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Winter Solstice

Posted by Lorac Monday, 21 December 2009

December 21 2009 is Winter solstice. Today is the longest night of the year in the Northern Hemisphere. Today even the sun stands momentarily still in the sky!

Great God of the Sun,
I welcome Your return.
May You shine brightly upon the Goddess;
May You shine brightly upon the Earth,
scattering seeds and fertilizing the land.
All blessings upon You,
Reborn One of the Sun!
Know that you are Blessed.

The word solstice literally means "sun standing still". At the moment of the winter solstice the path of the sun in the sky  over the last six months has reached it's furthest southern position and now turns northwards! At noon today the sun will stand directly overhead at latitude 23.5 South, Tropic of Capricorn. In the southern hemisphere it will be longest day of the year, but for us in the Northern hemisphere the day will be the shortest. But on  the bright side, the day after the winter solstice marks the beginning of lengthening days leading up to summer solstice!

Since ancient times people have celebrated winter solstice with religious and cultural traditions. The Winter Solstice was important to our ancestors as a marker for the beginning of a new solar year and that spring was going to come again. When Christian priests started to work their way across Europe, spreading the word of their new religion, they found everywhere firmly entrenched celebrations of the solstices and equinoxes. They were smart enough to realize that these festivals, which they saw, often wrongly as being pagan, were too well established and popular to dislodge, so they simply rededicated them to celebrations of the most important Christian events. The Winter Solstice became Christmas, and we now know the Spring Equinox as Easter. The original connection is evident in the name Easter, which comes from Aeostre, the name of a goddess of spring. The differences between the dates of the solstices and equinoxes compared with those of the modern celebrations come from various adjustments in the calendar.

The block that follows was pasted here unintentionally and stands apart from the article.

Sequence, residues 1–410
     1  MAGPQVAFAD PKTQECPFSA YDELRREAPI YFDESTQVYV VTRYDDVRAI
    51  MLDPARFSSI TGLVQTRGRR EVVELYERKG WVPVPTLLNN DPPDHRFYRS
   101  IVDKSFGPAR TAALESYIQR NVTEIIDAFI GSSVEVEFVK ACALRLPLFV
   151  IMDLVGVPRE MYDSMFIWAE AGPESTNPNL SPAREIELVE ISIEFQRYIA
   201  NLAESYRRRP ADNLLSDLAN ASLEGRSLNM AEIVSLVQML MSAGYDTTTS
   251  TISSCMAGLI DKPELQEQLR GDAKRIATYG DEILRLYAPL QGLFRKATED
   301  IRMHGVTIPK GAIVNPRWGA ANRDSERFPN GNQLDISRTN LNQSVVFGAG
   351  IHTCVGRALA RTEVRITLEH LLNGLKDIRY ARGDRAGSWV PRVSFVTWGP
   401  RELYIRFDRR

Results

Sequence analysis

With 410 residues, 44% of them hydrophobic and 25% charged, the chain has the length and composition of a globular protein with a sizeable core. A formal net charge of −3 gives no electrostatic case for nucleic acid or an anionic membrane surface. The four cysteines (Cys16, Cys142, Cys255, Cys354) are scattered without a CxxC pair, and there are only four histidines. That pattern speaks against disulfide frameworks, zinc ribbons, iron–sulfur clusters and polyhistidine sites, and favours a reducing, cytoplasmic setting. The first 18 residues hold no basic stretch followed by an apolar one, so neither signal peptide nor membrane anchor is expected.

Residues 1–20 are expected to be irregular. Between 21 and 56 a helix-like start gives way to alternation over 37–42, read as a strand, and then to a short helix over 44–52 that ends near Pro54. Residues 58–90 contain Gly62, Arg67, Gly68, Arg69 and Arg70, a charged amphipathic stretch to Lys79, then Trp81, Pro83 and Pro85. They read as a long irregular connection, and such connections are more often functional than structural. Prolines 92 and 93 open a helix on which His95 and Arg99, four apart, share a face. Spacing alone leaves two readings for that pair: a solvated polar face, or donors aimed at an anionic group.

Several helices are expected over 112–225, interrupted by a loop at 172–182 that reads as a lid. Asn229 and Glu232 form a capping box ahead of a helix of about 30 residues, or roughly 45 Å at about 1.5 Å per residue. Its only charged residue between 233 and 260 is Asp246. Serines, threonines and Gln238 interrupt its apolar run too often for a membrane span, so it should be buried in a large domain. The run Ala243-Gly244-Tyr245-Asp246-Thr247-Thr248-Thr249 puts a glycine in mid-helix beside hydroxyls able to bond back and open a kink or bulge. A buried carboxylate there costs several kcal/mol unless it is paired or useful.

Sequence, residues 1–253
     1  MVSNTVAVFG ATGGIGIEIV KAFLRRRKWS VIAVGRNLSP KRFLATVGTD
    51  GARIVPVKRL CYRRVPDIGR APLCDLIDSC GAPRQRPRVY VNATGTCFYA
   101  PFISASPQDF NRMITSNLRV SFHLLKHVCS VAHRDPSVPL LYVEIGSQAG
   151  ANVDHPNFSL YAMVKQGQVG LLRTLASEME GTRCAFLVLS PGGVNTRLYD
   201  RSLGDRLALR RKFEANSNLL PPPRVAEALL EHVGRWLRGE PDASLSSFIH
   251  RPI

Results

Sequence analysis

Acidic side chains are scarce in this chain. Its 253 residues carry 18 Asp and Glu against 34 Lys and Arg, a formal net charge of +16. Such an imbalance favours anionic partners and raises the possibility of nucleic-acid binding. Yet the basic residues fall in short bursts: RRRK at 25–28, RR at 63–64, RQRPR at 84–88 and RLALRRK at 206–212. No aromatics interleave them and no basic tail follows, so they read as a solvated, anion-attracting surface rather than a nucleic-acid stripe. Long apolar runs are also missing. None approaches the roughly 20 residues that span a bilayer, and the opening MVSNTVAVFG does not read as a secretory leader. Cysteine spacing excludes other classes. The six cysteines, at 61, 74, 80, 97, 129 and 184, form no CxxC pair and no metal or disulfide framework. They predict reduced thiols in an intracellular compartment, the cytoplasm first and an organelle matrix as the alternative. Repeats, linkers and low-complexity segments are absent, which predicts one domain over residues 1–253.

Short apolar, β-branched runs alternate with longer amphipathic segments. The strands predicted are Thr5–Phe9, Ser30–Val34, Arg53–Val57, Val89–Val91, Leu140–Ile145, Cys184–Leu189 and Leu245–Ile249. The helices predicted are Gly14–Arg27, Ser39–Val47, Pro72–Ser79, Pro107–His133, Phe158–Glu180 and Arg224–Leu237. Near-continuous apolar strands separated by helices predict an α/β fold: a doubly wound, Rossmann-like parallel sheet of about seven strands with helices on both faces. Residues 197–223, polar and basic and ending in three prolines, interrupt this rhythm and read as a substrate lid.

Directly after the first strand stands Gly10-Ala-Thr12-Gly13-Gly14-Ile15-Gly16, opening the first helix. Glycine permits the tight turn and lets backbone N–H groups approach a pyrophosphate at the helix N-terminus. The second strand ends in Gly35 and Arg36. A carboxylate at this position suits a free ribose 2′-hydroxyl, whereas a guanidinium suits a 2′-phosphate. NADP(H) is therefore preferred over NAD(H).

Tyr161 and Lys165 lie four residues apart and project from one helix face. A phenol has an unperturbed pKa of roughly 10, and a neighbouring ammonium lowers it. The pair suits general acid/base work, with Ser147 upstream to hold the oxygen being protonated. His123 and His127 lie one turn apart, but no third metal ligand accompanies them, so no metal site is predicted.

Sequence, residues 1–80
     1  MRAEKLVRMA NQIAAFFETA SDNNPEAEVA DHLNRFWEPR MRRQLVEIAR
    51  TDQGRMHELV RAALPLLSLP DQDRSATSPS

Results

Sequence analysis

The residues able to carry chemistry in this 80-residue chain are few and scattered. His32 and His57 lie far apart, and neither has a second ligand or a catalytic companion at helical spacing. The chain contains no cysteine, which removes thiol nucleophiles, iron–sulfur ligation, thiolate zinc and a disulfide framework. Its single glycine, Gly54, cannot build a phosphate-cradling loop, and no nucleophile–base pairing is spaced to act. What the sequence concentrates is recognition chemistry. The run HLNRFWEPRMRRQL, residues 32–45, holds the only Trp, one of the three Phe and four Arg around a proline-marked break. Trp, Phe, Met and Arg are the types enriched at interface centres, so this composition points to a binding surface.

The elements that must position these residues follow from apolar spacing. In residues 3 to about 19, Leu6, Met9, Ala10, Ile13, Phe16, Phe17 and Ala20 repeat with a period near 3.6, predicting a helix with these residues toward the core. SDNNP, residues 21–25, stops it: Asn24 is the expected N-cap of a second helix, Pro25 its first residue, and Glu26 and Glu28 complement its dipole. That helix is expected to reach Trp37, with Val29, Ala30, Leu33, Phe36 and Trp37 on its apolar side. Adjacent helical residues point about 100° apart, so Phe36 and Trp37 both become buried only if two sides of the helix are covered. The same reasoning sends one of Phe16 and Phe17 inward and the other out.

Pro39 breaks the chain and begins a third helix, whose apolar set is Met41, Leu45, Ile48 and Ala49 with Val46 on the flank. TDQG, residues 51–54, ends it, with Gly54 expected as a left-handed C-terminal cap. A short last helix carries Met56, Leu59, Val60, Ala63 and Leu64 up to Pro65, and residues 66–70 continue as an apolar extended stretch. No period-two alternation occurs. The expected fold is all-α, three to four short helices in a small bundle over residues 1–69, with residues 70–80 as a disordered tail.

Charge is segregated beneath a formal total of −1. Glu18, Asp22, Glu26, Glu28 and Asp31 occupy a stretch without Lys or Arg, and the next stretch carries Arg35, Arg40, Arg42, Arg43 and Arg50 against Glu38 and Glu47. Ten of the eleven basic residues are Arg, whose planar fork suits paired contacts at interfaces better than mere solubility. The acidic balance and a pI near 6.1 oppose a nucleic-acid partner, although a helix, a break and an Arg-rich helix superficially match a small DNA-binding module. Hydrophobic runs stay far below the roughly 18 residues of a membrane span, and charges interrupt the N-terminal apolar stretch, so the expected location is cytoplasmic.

Massive prehistoric monuments such as Ireland's New Grange tomb are aligned to to capture the light at the moment of the winter solstice sunrise. It is perhaps the most famous of the 250 passage tombs in Ireland. It covers an area of one acre, and has an internal passage that is almost 60 feet (19 m) long. The tomb has been dated at about 3,200 BCE; it is one of the oldest structures in the world. At Maeshowe, (Orkneys, Scotland) there is a chambered cairn built on a leveled area with a surrounding bank and ditch. It has been carbon dated at 2750 BCE. Inside the cairn is a stone structure with a long entry tunnel. The structure is aligned so that sunlight can shine along the entry passage into the interior of the megalith, and illuminate the back of the structure. This happens at sunrise at and near the winter solstice.